DALLAS – Today in Aviation, the Russian-built, long-haul, wide-body quad-jet Ilyushin ll-96 took its first flight in 1988. The aircraft was subsequently certified in 1992 before entering Aeroflot (SU) service in July 1993.
The aircraft is a shortened version of the Soviet Union’s first wide-bodied airliner, the ll-86. It has various advanced features over its predecessor, including an increased max take-off weight, a redesigned wing with winglets, improved avionics, and upgraded turbofan engines.
A number of variants of the ll-96 have been built. The base version was the -300, capable of carrying 262 passengers in a two-class configuration. Five heavily modified aircraft known as the -300PU have been used in the Russian presidential fleet.
The -96M is a stretched version capable of carrying 312 passengers in a three-class layout. Four Pratt & Whitney PW2337 engines power the type and no longer require a Flight Engineer. The manufacturer also created a freighter known as the ll-96T.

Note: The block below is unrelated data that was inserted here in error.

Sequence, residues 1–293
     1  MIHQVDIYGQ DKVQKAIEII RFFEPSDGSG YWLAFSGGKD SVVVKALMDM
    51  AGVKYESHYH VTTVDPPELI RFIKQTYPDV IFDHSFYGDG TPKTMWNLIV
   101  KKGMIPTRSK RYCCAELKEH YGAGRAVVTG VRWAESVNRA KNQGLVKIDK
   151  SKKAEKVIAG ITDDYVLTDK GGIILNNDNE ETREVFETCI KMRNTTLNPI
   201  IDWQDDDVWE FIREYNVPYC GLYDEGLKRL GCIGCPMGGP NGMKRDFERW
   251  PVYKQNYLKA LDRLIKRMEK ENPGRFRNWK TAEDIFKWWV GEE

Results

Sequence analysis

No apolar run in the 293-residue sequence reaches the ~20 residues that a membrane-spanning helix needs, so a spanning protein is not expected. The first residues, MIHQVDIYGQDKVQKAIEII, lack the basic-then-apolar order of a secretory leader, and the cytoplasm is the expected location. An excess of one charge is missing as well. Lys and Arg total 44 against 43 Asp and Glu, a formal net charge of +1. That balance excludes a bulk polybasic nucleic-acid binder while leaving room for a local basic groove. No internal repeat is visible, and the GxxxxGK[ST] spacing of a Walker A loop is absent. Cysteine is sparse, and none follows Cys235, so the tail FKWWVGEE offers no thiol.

A Plane With No Orders
In February 2017, a further variant was announced. Based on the -96T freighter, the -400M would be capable of carrying 400 passengers. The prototype airframe was built, and the first flight was due in 2021.
However, there are no orders for this version. Therefore, in April, it was announced that the aircraft would not enter mass production due to a “lack of interest from the airlines and the worldwide idling of the long-range fleet due to the pandemic.”